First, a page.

William Colby's death was, in spite of all available evidence and eye-witness testimony ...ruled an accident.

Note: For whatever this may be worth, the week he died, Colby was scheduled to meet with Steven Greer, founder of the Disclosure Project.*


Before proceeding with the list, here is, for future reference...

A Brief Primer on The Inslaw Scandal**

Inslaw Incorporated is a Washington DC-based software company that markets and services case management software to various entities in the courts and related justice agencies, as well as large law firms, the law departments of individual corporations, and to virtually the entire private insurance industry. 

Inslaw's bread-and-butter product in trade is a software program called PROMIS, (Prosecutors Management Information Systems,) an extremely sophisticated framework for the management of vast amounts of information with categorization criteria that is both broad and deeply nuanced. PROMIS can, among other things, track individuals solely by their involvement with the legal system, no matter how brief or trivial, as well as not only searching but combining disparate databases to circumvent the need for interdepartmental or even inter-company cooperation.

In 1982, Inslaw secured a contract with the Department of Justice. (It should be noted for future reference, that this contract was won after a veritable cavalcade of representatives from various entities, both private and government,...  foreign and domestic,... had visited the Inslaw offices to check out the software, expressed great interest in it and then never got back to them. Many of the representatives in question, it would later turn out, had long been suspected of being assets of the NSA.)

Anway, Inslaw won a contract to install and service PROMIS in the offices of the US Attorney. However, the person hired and assigned by the DoJ to manage the contract, one C. Madison Brewer, had just been fired by Inslaw. 

One month after the contract had been finalized and signed, Brewer recommended its termination, in spite of Inslaw performing at or beyond the agreed-upon levels. The DoJ proceeded to seize the software and to withhold payment (otherwise known as "stealing,") ruling officially that its status as a federal bureau placed it above private property law.

Former Attorney General Elliot Richardson was then hired by Inslaw to represent them in the lawsuit they brought against the Justice Department, claiming that the company had been the victim of a federal, criminal conspiracy.

Five years later, in 1987, U.S. Bankruptcy Judge George Bason ruled in favor of Inslaw. he awarded the owners of the company $6.8 million, stating that Justice Department officials "took, converted, and stole" PROMIS through "trickery, fraud, and deceit."

Judge Bason's reappointment was then denied the following year. He was replaced by one of the Justice Department lawyers whom he'd ruled against in the Inslaw case.

The case had, at that point, reached the level of a full, federal government conspiracy.

Circling back a bit, though ownership of PROMIS had reverted back to Inslaw, modified versions of the pirated software were then sold by US Intelligence agencies (including the NSA,) to over 88 foreign intelligence agencies, as well as private entities such as banks. These modified versions of PROMIS included "backdoors" for US operatives to hack into for various intelligence-gathering purposes, including but not limited to monitoring real-time financial transactions and money laundering at banks anywhere in the world. These backdoors can also be (and have been) used by intelligence service hackers and NSA officials to launder money themselves.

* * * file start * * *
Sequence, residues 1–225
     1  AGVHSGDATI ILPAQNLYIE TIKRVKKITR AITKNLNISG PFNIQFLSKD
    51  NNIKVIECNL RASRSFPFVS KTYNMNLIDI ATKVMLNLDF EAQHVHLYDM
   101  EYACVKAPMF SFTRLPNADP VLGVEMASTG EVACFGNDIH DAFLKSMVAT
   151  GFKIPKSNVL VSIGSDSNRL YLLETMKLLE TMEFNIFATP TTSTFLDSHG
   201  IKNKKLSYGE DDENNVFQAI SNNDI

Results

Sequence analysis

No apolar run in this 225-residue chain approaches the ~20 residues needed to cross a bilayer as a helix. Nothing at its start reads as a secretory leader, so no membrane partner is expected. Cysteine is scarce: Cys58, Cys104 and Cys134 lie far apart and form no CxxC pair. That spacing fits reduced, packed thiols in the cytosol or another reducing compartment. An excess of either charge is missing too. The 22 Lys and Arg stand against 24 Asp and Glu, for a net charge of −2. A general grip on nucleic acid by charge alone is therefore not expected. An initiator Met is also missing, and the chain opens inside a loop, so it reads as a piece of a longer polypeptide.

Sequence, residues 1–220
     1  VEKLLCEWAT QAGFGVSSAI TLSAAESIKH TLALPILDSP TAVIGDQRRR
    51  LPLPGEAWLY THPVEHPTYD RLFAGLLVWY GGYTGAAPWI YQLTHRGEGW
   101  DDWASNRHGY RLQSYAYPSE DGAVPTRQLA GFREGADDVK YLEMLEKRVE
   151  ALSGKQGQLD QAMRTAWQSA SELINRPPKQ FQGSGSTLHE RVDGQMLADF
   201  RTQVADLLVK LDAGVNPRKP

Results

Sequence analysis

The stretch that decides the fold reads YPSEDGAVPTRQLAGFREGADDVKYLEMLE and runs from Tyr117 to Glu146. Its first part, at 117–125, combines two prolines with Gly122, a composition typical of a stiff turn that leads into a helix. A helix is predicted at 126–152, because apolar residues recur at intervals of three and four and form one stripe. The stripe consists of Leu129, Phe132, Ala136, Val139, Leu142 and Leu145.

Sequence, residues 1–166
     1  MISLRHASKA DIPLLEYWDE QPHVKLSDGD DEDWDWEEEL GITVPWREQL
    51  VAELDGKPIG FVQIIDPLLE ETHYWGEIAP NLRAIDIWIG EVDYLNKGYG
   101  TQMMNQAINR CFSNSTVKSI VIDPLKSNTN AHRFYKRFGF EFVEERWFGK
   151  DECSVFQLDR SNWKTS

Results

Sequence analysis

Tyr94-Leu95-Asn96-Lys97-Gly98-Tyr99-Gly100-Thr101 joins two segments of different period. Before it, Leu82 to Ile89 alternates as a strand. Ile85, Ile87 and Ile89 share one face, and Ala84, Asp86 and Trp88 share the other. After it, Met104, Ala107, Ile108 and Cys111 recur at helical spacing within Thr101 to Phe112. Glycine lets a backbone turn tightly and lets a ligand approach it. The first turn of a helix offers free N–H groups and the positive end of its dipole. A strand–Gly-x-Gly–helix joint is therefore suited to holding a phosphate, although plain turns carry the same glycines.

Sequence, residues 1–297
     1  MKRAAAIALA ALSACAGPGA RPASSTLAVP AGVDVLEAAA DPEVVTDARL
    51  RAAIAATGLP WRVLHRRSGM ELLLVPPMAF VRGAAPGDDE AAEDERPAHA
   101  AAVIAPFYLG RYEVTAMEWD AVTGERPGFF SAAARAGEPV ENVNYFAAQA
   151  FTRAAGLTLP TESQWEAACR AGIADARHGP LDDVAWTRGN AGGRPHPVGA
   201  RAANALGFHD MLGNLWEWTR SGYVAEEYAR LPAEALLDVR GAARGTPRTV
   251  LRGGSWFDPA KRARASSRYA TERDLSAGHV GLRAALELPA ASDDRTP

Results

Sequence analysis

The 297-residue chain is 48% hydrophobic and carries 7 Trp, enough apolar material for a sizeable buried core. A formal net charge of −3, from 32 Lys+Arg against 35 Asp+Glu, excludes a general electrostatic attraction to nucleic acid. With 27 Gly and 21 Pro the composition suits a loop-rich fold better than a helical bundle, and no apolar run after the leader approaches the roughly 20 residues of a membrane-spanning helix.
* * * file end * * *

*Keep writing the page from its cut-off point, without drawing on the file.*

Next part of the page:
The company tasked with the marketing of this stolen PROMIS software and coordinating its use among the US intelligence community was Systematics Incorporated of Little Rock, Arkansas, (now known as Alltel.)

Their intellectual property lawyer, (and the person tasked with protecting the company from the numerous lawsuits and investigations that ensued concerned with the modified version of PROMIS they were peddling,) was a woman you may have heard of named Hillary Rodham Clinton.


Continuing with the list...

32 - Larry Guerrin: Private Detective investigating the Inslaw case.

Killed in February of 1987. No cause of death has ever been revealed to the public.

33 - Lt. Alan Standorf: Employee of the National Security Agency in electronic intelligence/surveillance, working at the Vint Hill Farms Station, (at the time a joint U.S. Army/NSA listening post.)

In 1990, he made contact with Danny Casolaro, (see Part One,) an investigative journalist who was investigating the Inslaw case. Standorf furnished Casolaro with copies of classified documents related to bulk data collection, money laundering, as well as a list of "dissidents" that were to be rounded up in case of exposure.

Standorf's body was found, with no visible wounds, on January 31, 1991, wedged into the floor of the backseat of his car in a short-term parking lot of Washington National Airport. Initially, Dr. Stephen Sheehy of the Medical Examiner's Office in Northern Virginia confirmed the information the family had been given at the time -- that Alan had died of a blunt-force blow to the back of the head, nearly a month prior to his body's discovery. This explanation has since been scrubbed from the official record, and all further details of his demise have been classified by the NSA, to the point of openly violating DoJ Guidelines.